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Can't Pay Your Taxes?

The IRS offers options for getting right with Uncle Sam

En español | It happens to the most honest of us. You make a financial decision or two that leaves you owing a hefty tax bill to Uncle Sam. Now the IRS is breathing down your neck. You want to pay. But you can't fathom where in the world the money's going to come from.

How to get tax foregiveness


Depending on your circumstances, you may be granted a short extension period to pay your tax in full.

Often, it's the self-employed who get into this trouble by missing quarterly payments and never catching up, says Greta Hicks, a Houston-based CPA who once worked for the IRS. But in these economic times especially, people of all kinds are getting behind. "Some have to withdraw [money] from retirement plans and IRAs. And then they owe taxes on that."

Do you owe the IRS right now? The first thing to do is open all mail from the agency so you're on top of the matter. Next, stay calm. Well, it's understandable if you panic a little, because the IRS wields power that can make your life miserable.

Depending on your situation, the agency can take your paycheck and your bank and retirement accounts, Hicks notes. And more: "They'll seize land, business assets, cars — anything they can auction and turn into cash quickly."

But all is not lost if you act now. Consider the following six strategies to get back in good graces with Uncle Sam:

1. Ask for more time. Depending on your circumstances, you may be granted a short extension period to pay your tax in full. You can request this by filling out an application for an online payment agreement or by calling 800-829-1040.

2. Try for an installment plan. If you owe $50,000 or less in combined taxes, penalties and interest, you can fill out the application for an online payment agreement. If your bill is more than $50,000, you'll also need to use paper form 433-A (PDF) (for self-employed individuals), 433-B (PDF) (for partnerships, corporations and limited liability corporations) or 433-F (PDF) (for your personal household taxes). Be prepared to divulge accurate financial details. Fees for setting up payment plans can range from $43 to $105.

3. Make an offer. That is, file for what's known formally as an "offer in compromise." You basically tell the IRS that you're prepared to pay a certain amount to settle your debt. Getting agreement will depend on whether the agency believes that this is the maximum you can manage. You must meet certain standards to be considered. If you're going through a bankruptcy, for example, you're not eligible. And if you haven't filed all of your tax returns, don't apply.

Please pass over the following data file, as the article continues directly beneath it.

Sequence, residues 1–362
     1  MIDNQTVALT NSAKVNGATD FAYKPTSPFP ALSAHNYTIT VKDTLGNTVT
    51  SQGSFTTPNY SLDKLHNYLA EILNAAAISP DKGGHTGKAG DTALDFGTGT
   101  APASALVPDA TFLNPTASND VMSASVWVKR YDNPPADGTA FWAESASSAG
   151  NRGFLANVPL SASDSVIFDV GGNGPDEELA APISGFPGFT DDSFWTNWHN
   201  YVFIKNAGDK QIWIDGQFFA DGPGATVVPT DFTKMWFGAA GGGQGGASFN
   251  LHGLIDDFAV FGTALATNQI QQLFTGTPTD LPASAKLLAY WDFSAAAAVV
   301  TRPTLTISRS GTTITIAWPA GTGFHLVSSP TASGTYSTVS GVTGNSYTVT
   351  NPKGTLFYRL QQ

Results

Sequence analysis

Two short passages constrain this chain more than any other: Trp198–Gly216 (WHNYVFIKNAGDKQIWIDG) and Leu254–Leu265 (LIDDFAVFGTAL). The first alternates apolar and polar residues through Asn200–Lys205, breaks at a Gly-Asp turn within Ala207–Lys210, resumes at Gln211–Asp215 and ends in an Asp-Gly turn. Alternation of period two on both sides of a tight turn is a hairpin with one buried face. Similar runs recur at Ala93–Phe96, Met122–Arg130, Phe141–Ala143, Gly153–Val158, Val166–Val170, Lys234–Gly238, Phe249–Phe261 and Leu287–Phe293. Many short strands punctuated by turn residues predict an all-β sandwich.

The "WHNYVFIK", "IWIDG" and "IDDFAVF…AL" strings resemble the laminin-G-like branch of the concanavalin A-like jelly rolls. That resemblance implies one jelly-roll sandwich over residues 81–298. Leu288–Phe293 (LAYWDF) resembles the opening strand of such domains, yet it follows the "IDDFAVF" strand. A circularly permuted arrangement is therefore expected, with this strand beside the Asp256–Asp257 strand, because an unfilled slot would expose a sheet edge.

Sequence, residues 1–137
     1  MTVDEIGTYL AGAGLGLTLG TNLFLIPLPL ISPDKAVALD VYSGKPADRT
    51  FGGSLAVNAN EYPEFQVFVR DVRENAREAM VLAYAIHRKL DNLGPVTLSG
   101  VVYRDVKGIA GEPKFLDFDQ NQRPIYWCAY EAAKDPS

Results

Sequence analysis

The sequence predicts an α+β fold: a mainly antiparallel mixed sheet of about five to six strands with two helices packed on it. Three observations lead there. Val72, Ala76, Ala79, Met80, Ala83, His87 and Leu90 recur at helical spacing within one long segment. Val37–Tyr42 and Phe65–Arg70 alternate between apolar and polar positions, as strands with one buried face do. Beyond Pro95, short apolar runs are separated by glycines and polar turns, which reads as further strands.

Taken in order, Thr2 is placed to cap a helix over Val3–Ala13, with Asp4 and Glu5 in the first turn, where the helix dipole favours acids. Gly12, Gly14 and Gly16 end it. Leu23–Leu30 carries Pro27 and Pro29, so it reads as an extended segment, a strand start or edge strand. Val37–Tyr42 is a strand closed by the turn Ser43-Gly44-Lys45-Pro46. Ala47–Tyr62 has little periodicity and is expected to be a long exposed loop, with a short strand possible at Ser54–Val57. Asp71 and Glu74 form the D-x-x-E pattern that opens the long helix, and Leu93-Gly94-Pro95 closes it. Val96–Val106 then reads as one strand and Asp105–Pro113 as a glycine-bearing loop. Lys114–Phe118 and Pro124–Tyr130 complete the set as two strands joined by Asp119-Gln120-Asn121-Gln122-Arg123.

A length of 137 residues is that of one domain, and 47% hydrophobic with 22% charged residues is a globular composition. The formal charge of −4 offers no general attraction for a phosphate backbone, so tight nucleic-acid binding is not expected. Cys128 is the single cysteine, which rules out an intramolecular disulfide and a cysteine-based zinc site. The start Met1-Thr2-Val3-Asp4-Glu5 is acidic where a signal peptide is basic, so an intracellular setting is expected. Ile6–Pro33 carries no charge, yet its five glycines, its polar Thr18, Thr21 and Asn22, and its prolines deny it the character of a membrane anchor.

"Read the conditions on the form before you make the offer," Hicks says. "There are some downsides." Penalties and interest continue to accrue during processing. There is also a $150 application fee.

4. Borrow the money from friends or family and pay on time. Granted, you may not move in circles where people have the kind of cash you need, and the willingness to lend it to you at a low interest rate. But it can be far cheaper to go this route than to just put off payment while the IRS continues charging additional interest and penalties.

5. Get professional advice. The IRS' Taxpayer Advocate Service offers assistance to low-income people. Or you can call in outside pros.

But be cautious of whom you call. You've probably seen ads from companies promising to settle your tax debt. Such companies, legitimate or not, may charge more than $2,000 to handle your case.

"I've seen cases where they've taken people's money, but don't do the work," Hicks says. Her advice: get referrals from family and friends. And only do business locally. "Find somebody you can physically sit down with, to know if you feel comfortable doing business with them."

6. Declare bankruptcy. It's the most drastic measure and will complicate your life in general for years, but your taxes can be discharged in bankruptcy under certain conditions. You'll want to consult a qualified tax attorney to help you get through the fine print in this process.

Stacy Julien is a writer and editor at AARP Media.

Also of interest:

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